Wall Street investment banks and mortgage bankers seem poised to get what they want in housing finance reform – at the expense of taxpayers.
When firms compete for government subsidies and regulatory advantages, economists call it “rent seeking.” As Washington considers how to replace Freddie Mac and Fannie Mae in the mortgage market, we can expect the policy process to be dominated by rent-seekers. That is how it has been for generations.
Who will win the battle to get the most favorable subsidies and regulations? At this point, all signs point to victory by two of the biggest culprits in the mortgage crisis — the mortgage bankers (firms that originate loans to distribute, not to hold) and the Wall Street investment banks. Both depend on securitization if they are to participate in the mortgage lending process.
However, securitization has only been able to compete with traditional bank lending when securities are backed by guarantees from the taxpayers and when bank capital requirements punish banks that hold their own loans.
Lessons from the S&L Experience
From the end of World War II until the late 1980s, mortgage lending in the United States was dominated by the savings and loan industry. The S&Ls, particularly the large California thrifts, were formidable players in the rent-seeking game. Interest rates on consumer deposits were regulated and the California thrifts rigged the system by making sure that in competing for those deposits, they were permitted to pay slightly higher interest rates than banks.
Another feature of the regulatory landscape in those days was the prohibition against interstate banking. As a result, states such as California, where housing needs were growing faster than available savings, were short of mortgage funds, while other states, such as New York, had more savings than they needed to meet the demand for mortgages. To get around this, Congress chartered Freddie Mac in 1970, which created a “secondary market” in mortgages, allowing California thrifts to sell packages of mortgages as securities to investors outside of the state. The California S&Ls could then use these outside funds to expand their in-state mortgage lending.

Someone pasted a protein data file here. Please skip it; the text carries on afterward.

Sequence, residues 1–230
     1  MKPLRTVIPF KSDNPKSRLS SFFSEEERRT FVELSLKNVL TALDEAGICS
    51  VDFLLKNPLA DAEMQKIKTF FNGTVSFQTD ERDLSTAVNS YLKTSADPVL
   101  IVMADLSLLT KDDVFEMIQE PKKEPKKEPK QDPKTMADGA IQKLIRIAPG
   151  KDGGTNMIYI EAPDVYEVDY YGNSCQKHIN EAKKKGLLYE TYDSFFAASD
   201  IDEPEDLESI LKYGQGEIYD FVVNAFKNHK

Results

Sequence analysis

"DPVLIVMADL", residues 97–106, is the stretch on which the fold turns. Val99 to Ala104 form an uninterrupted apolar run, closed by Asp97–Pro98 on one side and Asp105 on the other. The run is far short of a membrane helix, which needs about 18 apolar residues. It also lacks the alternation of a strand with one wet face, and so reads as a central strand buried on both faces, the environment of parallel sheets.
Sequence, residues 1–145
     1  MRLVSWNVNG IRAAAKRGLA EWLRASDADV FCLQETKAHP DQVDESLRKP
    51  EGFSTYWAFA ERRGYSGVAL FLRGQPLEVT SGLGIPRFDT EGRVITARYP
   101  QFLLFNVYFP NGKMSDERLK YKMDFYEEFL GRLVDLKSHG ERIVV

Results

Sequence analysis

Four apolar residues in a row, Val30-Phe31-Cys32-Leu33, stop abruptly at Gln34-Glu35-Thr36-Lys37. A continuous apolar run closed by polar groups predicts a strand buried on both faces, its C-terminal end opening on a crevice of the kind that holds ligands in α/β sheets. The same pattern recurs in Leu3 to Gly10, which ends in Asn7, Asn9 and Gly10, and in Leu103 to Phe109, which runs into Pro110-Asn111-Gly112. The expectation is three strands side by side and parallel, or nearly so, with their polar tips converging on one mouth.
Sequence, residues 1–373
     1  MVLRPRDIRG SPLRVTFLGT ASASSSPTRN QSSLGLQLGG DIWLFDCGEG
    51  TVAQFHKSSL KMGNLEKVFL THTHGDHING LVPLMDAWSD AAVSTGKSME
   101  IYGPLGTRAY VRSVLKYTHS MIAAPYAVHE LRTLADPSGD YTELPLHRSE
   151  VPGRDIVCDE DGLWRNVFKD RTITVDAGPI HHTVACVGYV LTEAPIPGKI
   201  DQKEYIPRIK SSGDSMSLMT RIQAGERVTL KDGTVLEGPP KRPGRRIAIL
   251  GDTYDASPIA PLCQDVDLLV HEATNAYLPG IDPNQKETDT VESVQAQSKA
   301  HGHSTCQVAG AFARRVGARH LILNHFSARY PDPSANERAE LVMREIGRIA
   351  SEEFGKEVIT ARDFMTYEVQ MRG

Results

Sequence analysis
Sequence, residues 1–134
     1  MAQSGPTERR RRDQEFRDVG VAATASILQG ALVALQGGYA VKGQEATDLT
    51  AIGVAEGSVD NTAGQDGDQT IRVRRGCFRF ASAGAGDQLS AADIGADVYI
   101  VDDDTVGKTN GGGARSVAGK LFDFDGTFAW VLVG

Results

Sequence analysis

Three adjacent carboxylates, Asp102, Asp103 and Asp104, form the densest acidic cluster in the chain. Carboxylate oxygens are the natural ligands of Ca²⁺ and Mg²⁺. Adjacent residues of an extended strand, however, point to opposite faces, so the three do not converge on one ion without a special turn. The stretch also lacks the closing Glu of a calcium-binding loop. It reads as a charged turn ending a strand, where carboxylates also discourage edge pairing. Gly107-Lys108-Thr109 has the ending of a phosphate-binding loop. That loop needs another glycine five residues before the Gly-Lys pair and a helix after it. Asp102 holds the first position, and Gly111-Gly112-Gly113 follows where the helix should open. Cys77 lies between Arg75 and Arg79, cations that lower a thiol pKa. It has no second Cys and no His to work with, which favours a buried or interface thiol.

However, the regulatory advantages of the thrifts would soon be taken away. The bond trading firms on Wall Street saw an opportunity to wrest the vast mortgage market away from the S&Ls, and their lobbyists and financial wizards went to work.
No Ceilings for Wall Street
One of their first innovations, the money market fund, was invented in 1971. Once regulators permitted this novelty, Wall Street had an advantage in attracting consumer savings because banks and S&Ls remained subject to interest-rate ceilings while Wall Street did not.
As the inflationary decade of the 1970s unfolded, S&Ls began to suffer large market losses on their fixed-rate mortgage assets. They could not fund their portfolios with deposits because of disintermediation. (Disintermediation means that savers put their funds in money market funds rather than banks and thrifts. Disintermediation was particularly dramatic in the 1970s, because the money-market funds had the advantage of having no interest-rate ceilings.) Nor could the S&Ls sell their loans to raise cash because doing so would have forced them to recognize losses, which in turn would have forced their regulators to shut them down.
In the early 1980s, the regulators wanted to keep the S&Ls in business, so they agreed to a solution that brought Wall Street further into the game. Freddie Mac and Fannie Mae agreed to do “swaps,” in which an S&L exchanged a pool of mortgages to, say, Freddie Mac, in return for a security backed by those same mortgages. The S&L then used the security as collateral to borrow via Wall Street in order to stay in business.